Stanford professor Christopher Gardner led the study, which took 22 pairs of healthy identical twins and randomly assigned one to eat nutritionally balanced plant-based meals and the other to eat nutritionally balanced animal-based meals. Since the twins share identical DNA, the researchers were able to rule out gene variation and isolate the health effects of lifestyle choices. For eight weeks, both groups of twins worked with exercise trainers and dietitians and were observed, weighed, measured and analyzed. For the first four weeks, prepared meals were delivered to study participants. During the final four weeks, they had to prepare their own meals.

Spoiler alert: The study found that after just four weeks, participants assigned to eat the vegan meals significantly lowered their insulin levels, body weight and low-density lipoprotein cholesterol. The vegan twins also significantly reduced their visceral fat, which is fat that accumulates around internal organs and is associated with chronic diseases. All participants showed improvements, but they were most dramatic for those eating plant-based diets.


The study also measured the participants’ epigenomes, a part of our DNA that determines the way genes act. While genes are fixed, epigenomes change based on our lifestyles and environment. The study found that by the end of eight weeks, the twins eating the vegan meals became biologically younger than the twins eating animal-based meals due to the lengthening of their teleomeres, which is a section of our DNA that shortens as we age.

“How different were the twins?” Psihoyos asked me, rhetorically. “Put it this way, the twins were no longer identical. All the plant-based twins were biologically younger than their meat-eating counterparts. Nobody expected that, certainly not the scientists.”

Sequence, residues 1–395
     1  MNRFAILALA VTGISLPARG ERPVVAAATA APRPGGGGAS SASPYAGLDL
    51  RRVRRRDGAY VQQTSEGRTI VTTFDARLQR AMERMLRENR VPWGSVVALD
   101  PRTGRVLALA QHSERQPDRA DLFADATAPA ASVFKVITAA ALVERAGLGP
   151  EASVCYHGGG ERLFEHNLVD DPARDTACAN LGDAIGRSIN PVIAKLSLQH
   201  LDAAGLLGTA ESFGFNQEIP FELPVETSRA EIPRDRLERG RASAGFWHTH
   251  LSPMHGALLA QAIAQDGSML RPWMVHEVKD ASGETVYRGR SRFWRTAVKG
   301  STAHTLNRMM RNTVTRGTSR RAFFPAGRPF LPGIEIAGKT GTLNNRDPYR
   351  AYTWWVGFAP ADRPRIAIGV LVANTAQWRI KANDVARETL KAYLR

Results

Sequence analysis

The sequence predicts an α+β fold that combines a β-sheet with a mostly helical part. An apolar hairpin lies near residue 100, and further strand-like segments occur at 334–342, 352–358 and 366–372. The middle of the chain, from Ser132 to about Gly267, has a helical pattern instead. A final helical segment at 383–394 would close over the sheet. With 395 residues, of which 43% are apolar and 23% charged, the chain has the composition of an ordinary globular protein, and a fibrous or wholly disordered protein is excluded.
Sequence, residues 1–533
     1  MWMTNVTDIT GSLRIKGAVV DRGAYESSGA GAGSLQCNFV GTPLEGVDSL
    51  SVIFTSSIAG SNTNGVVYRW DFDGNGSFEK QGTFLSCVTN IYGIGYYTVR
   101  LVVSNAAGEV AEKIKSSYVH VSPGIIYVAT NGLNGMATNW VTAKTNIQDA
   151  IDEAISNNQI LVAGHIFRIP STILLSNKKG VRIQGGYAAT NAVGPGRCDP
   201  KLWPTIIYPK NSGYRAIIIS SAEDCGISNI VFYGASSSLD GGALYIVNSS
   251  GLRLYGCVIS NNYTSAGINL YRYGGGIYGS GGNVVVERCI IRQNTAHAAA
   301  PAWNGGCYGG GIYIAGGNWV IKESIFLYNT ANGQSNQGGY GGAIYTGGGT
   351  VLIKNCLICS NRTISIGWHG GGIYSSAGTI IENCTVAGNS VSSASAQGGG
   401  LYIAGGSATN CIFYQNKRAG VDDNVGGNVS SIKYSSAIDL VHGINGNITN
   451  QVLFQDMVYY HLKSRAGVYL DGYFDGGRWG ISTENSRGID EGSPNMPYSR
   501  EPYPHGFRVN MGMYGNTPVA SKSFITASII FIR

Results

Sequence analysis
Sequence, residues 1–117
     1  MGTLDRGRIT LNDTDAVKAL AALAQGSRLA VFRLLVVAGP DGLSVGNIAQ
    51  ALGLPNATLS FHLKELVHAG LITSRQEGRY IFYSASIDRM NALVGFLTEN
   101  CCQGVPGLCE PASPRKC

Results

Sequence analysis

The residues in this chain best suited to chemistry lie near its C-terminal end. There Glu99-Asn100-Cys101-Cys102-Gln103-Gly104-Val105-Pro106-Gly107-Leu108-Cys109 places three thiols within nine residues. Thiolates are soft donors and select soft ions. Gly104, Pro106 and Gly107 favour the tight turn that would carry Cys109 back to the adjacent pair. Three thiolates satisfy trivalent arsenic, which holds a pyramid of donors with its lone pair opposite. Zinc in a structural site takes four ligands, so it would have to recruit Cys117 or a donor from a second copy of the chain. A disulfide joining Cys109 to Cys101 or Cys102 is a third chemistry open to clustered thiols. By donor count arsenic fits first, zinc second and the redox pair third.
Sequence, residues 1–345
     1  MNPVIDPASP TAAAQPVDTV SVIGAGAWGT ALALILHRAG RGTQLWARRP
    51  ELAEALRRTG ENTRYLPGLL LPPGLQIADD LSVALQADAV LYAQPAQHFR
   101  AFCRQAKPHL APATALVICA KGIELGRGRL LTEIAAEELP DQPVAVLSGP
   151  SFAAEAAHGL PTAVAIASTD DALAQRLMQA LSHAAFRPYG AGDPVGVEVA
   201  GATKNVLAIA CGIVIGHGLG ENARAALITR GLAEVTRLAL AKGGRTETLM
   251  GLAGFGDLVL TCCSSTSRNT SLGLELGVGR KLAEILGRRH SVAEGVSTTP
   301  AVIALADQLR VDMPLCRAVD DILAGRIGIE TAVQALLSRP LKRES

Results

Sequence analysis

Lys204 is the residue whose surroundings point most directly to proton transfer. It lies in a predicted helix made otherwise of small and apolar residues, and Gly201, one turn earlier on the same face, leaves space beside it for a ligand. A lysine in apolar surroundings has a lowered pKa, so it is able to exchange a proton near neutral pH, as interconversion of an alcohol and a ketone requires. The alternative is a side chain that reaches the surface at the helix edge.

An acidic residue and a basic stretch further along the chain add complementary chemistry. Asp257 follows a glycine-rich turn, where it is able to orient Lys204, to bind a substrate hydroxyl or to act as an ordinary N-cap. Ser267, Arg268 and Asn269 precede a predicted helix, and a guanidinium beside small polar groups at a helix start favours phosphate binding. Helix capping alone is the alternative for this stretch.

The film follows four sets of participating twins over the course of the study and juxtaposes this with interviews with doctors, public health advocates and food system influencers, who sketch a fuller picture of the systemic challenges Americans face following a vegan diet. Author and doctor Michael Greger talks about conflicts of interest within the healthcare industry, arguing that pharmaceutical companies have a vested interest in confusing the medical community about the role of food in health. Nutrition professor and writer Marion Nestle discusses how the livestock lobby has worked tirelessly to make sure the national nutrition guidelines use vague, hard-to-follow statements about reducing saturated fat rather than simply saying Americans need to eat less meat.

Miyoko’s Creamery founder Miyoko Schinner talks about how mammal milk chemically hooks us because it’s meant to keep infants, whether calves or humans, coming back for more so they can bulk up fast. The film then showcases the award-winning, plant-based cheeses made by Miyoko’s Creamery. (From 2012 to 2015, Schinner co-hosted the Maine-produced PBS cooking show Vegan Mashup, )

The film also spotlights the decision by the Michelin-starred restaurant Eleven Madison Park, in Manhattan, to pivot to an all-vegan menu as the pandemic was beginning to wane. Renowned Chef Daniel Humm talks about the backlash from the press and the hateful messages from meat suppliers the change provoked. He was surprised but not deterred.

“Plant-based is the future,” Humm says in the film. “This isn’t a trend.”

Avery Yale Kamila is a food writer who lives in Portland. She can be reached at